Colten Treu

Colten Treu appeared in Chippewa County Court on Wednesday for a motion hearing. Judge James Isaacson ruled that the jury will be allowed to hear some details about Treu’s crash on Sept. 30, 2018, about five weeks before his truck crashed into a group of Girl Scouts on Nov. 3. View more photos at LeaderTelegramPhotos.com.

CHIPPEWA FALLS — When Colten R. Treu’s Chippewa County trial in the hit-and-run deaths of four people begins in January, the jury will be allowed to hear some details about a Rusk County crash involving Treu that occurred about a month before the fatalities.

During a motion hearing Wednesday in Chippewa County Court, Judge James Isaacson ruled that the jury can hear that the earlier crash occurred, but said that any information about his drug use or intoxication at the time will be redacted, and not shared with the jury.

Treu, 22, 1060 Joseph St., is charged with four counts of homicide by intoxicated use of a vehicle, four counts of hit and run-involving death, and one count each of hit and run-causing great bodily harm, intentionally abusing hazardous materials and bail jumping.

Treu is accused of huffing from an aerosol canister on Nov. 3, 2018, then crashing his pickup truck into members of Girl Scout Troop 3055 as they were picking up trash on Highway P in Lake Hallie, south of the Highway 29 overpass.

In the Sept. 30 crash in Rusk County, Treu drove into a ditch and rolled his vehicle. Officers did a field sobriety test after the crash and noticed his impairment.

“It is prejudicial (to allow this evidence), but not unfairly prejudicial,” Isaacson ruled.

District attorney Wade Newell argued that the Sept. 30 crash goes directly to the motive of why Treu fled the scene and hid his truck in a garage. He turned himself in hours later.

Newell called it “other acts evidence” that explains Treu’s behavior, of why he would leave the scene, rather than get out of the car and try to help the people he had just struck.

“It is something from the past that puts this matter into context,” Newell told Isaacson. “Motive answers the ‘why?’ question for the jury. This answers the question, ‘why did he flee?’ The defense can say he left for another reason, but I’m not bound by their reasons.”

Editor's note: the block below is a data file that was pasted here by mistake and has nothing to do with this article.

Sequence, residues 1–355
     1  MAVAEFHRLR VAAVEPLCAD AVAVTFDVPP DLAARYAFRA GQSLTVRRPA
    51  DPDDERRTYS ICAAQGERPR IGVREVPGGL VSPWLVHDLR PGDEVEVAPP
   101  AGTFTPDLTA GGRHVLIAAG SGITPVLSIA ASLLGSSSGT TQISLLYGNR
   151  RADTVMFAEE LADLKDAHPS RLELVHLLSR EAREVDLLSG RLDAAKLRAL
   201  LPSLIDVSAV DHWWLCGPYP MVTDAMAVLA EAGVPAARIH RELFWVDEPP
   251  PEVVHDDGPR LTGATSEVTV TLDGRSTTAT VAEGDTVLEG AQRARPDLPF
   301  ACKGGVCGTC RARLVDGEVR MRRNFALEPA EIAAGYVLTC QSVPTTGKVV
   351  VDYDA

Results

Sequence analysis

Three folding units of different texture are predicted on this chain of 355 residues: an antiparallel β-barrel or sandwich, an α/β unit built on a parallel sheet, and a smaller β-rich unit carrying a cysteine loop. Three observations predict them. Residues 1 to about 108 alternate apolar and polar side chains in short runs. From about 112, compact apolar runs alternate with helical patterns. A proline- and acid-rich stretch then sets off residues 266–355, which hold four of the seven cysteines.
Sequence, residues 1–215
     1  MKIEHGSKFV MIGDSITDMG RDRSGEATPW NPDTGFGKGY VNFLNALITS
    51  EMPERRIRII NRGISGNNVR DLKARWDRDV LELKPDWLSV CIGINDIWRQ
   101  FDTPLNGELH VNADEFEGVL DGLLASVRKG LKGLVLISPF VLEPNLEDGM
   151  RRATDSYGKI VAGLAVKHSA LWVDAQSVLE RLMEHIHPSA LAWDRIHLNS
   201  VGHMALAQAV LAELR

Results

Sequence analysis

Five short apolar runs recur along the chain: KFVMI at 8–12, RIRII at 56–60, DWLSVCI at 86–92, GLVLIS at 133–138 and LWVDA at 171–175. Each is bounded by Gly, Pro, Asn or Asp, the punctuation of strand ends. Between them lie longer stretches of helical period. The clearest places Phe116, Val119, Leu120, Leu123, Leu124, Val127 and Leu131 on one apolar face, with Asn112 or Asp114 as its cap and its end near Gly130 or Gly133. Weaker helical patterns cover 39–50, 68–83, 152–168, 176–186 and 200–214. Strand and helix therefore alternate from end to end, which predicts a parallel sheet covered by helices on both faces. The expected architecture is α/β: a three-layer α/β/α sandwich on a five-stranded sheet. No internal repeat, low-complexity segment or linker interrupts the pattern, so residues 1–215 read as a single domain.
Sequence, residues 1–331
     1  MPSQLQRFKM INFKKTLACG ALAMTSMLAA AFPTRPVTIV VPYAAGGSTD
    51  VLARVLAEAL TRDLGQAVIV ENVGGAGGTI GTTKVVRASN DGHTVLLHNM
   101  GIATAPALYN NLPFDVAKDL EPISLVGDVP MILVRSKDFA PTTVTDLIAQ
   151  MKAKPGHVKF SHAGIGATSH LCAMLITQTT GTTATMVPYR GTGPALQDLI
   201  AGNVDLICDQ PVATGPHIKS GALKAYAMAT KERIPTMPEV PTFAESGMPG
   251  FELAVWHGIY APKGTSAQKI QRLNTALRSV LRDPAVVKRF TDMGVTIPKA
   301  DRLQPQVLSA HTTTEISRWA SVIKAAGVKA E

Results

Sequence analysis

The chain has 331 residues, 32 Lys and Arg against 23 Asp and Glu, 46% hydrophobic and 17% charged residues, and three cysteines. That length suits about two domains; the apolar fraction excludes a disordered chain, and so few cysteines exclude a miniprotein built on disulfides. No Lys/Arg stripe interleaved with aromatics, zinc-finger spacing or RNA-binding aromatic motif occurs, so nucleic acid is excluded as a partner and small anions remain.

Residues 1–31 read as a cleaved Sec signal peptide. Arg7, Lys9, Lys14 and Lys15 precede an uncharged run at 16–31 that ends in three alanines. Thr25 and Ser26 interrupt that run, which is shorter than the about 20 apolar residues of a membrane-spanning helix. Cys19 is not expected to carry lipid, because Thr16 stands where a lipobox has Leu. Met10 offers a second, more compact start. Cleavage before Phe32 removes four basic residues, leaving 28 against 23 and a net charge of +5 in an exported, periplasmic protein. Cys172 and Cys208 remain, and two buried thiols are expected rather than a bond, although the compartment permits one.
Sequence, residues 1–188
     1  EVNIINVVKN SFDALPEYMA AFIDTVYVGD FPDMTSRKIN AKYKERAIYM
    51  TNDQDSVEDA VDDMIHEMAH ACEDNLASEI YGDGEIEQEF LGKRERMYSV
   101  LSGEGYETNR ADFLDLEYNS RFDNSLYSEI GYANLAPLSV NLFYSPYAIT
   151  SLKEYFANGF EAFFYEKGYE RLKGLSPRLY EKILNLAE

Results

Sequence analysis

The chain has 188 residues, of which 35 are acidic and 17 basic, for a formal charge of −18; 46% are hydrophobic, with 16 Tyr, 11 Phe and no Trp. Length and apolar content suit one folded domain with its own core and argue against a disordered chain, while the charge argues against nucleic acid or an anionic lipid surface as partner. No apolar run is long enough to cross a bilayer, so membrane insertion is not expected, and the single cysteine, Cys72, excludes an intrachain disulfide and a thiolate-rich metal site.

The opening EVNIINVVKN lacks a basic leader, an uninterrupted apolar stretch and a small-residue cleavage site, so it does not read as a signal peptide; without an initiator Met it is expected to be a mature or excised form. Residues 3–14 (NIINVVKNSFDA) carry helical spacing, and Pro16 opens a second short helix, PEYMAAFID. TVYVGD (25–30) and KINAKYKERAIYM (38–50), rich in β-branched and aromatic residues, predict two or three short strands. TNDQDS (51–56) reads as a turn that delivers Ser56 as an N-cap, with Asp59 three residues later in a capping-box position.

Newell later added: “This is a reasonable interpretation of the evidence.”

However, defense attorney Carly Sebion pointed out that Treu hadn’t been charged yet for the Sept. 30 crash in Rusk County; those charges wouldn’t be filed until January, two months later.

“It is really, truly an attack on Mr. Treu’s character,” Sebion said to Isaacson.

Sebion said Newell was speculating on the reasons behind fleeing the scene.

“There is no corroborating evidence to support that,” she said. “This information is unfairly prejudicial to Mr. Treu.”

In his counter-argument, Newell pointed out that Treu had a bond hearing Oct. 1 in Rusk County Court, where he was informed of the charges he could be facing. He was eventually charged with possession of meth, marijuana, drug paraphernalia and operating with a restricted controlled substance.

“It doesn’t matter if charges were filed,” Newell said. “We know as of Oct. 1, he had a bond hearing, he knew of the charges he was facing.”

The homicide trial is slated to begin Jan. 21 and could last two weeks. One more motion hearing is slated for Oct. 30. Isaacson ordered the defense to have all of its motions filed by Sept. 25 so the prosecution has time to examine them.

According to the criminal complaint, Treu and the passenger in his car, John Stender, had just left a Walmart store in Lake Hallie, and had started huffing from a Dust-off aerosol can, when Treu’s truck crashed into the Girl Scouts, crossing the center line of Highway P.

A test from the Wisconsin State Lab of Hygiene didn’t detect any chemicals or drugs in Treu’s blood sample. However, because Treu didn’t stay at the scene, a blood draw couldn’t be immediately taken. Treu turned himself in to authorities at 4:33 p.m. that day — about five hours after the crash occurred. The blood draw was taken after 7 p.m.

Earlier this year, Lake Hallie police officer Adam Meyers testified that Treu’s phone indicated he had looked up information on how long the huffing chemicals could remain in his blood stream.

Treu claims that Stender had been huffing more than he had, and he claimed that Stender grabbed the steering wheel, leading to the crash. Stender has not been charged.

Treu remains incarcerated on a $250,000 cash bond.

The four people killed in the crash were Jayna S. Kelley, 9, Autum A. Helgeson, 10, both of Lake Hallie, Haylee J. Hickle, 10, and her mother, Sara Jo Schneider, 32, both of the town of Lafayette.

The fifth person injured was Madalyn Zwiefelhofer; she was hospitalized for three weeks.

The deceased girls attended Southview Elementary and Halmstad Elementary in Chippewa Falls.

After the crash, Treu drove his pickup truck to his home, put it in the garage, and placed another vehicle in front of it.

However, an officer who arrived at the scene was able to locate a “fresh fluid trail” which he followed for 1.8 miles, taking him to the garage at 1060 Joseph St., to an apartment shared by Stender and Treu. The truck had “significant front-end damage, with weeds observed stuck in the front bumper,” the criminal complaint states.

Treu has one drunken driving conviction from 2014, plus the Sept. 30 incident in Rusk County. He has a status hearing on that case slated for Jan. 27.